Sexually transmitted infections (STIs)
Lymphogranuloma venereum (LGV)
What is it?
Lymphogranuloma venereum is a curable sexually transmitted infection caused by certain types of chlamydia bacteria. These chlamydia bacteria are different from those which cause genital chlamydia.
In the UK, LGV is mostly found in men who have sex with men, especially if they are HIV positive. LGV is a common heterosexual sexually transmitted infection in other parts of the world, such as African and South Asian countries.
How do I catch it?
LGV is transmitted through anal, vaginal or oral sex, and possibly through the use of sex toys if they are not washed or if a new condom is not used on the toy for each sexual partner.
The risk of catching LGV may be increased by using recreational drugs or having high-risk sex, such as group sex.
The symptoms of LGV can start a few days to a month after coming into contact with the infection. You may notice:
- small painless ulcers on the genitals or around the anus
- swelling and redness of the skin in the groin area
- swollen groin lymph nodes (glands) on one or both sides. It may also affect lymph nodes around the rectum in those who have anal intercourse
- drainage through the skin from lymph nodes in groin
- blood or pus from the rectum, or blood in your poo
- painful bowel movements, or a feeling of incomplete emptying after opening your bowels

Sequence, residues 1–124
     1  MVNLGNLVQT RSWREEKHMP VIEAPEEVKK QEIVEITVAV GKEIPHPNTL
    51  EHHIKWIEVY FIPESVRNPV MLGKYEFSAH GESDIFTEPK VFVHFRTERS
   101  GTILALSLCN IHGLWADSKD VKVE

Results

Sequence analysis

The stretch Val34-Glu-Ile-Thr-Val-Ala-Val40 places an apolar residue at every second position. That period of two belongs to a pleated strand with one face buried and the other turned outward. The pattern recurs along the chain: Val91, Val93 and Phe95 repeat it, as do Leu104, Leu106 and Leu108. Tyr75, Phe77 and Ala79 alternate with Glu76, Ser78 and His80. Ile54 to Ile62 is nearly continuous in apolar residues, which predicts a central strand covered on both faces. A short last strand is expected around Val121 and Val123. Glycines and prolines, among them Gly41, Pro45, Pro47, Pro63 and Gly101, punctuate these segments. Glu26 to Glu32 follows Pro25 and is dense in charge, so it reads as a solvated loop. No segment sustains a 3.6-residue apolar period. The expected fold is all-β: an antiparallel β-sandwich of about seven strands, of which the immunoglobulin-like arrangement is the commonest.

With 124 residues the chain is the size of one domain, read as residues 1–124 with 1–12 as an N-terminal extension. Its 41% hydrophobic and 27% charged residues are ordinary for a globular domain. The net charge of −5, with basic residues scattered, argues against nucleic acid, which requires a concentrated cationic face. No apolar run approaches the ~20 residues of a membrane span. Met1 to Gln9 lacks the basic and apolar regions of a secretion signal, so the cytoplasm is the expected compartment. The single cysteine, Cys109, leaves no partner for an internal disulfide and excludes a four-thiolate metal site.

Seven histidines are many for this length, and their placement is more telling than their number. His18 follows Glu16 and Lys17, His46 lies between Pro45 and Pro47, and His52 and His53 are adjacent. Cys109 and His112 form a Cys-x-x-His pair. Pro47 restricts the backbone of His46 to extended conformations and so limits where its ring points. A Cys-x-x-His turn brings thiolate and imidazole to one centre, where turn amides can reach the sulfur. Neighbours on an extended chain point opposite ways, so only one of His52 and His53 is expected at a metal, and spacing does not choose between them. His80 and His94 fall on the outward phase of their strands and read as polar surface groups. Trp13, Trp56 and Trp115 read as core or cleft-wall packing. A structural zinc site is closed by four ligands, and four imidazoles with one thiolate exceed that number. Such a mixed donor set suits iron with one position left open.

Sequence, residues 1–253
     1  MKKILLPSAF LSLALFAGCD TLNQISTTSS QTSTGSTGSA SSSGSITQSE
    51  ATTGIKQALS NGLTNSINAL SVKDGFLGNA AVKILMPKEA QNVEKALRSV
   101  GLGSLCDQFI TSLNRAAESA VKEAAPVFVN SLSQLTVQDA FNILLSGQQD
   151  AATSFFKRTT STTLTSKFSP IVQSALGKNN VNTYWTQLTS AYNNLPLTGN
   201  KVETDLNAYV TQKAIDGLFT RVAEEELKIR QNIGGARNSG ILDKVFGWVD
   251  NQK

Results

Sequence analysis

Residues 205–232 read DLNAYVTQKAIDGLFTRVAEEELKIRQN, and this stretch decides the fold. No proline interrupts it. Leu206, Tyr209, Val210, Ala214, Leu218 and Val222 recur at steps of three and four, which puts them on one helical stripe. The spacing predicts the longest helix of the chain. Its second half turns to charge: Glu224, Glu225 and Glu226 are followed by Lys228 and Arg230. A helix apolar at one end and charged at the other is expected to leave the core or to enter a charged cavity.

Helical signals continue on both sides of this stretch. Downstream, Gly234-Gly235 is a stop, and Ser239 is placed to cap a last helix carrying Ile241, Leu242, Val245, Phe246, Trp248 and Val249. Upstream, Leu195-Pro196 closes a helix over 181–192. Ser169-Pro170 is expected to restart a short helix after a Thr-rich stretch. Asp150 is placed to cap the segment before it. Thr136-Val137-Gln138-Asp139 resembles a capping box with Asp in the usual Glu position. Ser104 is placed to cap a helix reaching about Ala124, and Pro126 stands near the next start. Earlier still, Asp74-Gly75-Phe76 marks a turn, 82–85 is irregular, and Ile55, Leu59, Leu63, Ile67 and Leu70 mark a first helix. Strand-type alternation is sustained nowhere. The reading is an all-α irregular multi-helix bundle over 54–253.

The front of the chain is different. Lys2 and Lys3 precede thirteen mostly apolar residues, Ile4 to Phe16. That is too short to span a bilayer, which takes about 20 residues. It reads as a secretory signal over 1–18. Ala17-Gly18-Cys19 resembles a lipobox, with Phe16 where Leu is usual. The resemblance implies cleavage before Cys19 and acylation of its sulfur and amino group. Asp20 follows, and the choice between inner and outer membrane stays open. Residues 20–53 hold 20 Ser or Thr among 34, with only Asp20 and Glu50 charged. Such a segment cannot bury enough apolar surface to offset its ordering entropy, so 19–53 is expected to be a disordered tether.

- diarrhoea and lower abdominal pain
Women may develop swelling of the labia (lips of the vulva) or abnormal connections, called fistulas, between the vagina and rectum.
Tests for lymphogranuloma venereum can include blood tests, urine samples or swabs from infected areas.
All Umbrella clinics offer free STI testing.
Lymphogranuloma venereum is treated with a course of antibiotics, usually for three weeks. If you are treated for LGV, it’s essential that your sexual partners are also treated before you have sex again.
All Umbrella clinics provide free treatment for sexually transmitted infections. To find clinics, and to see which services they offer, please see the service locator.
Detailed information on STIs is available on the NHS website.
See the FPA website for a range of downloadable leaflets on sexually transmitted infections.
The British Association for Sexual Health and HIV (BASHH) website also features a range of downloadable leaflets on STIs.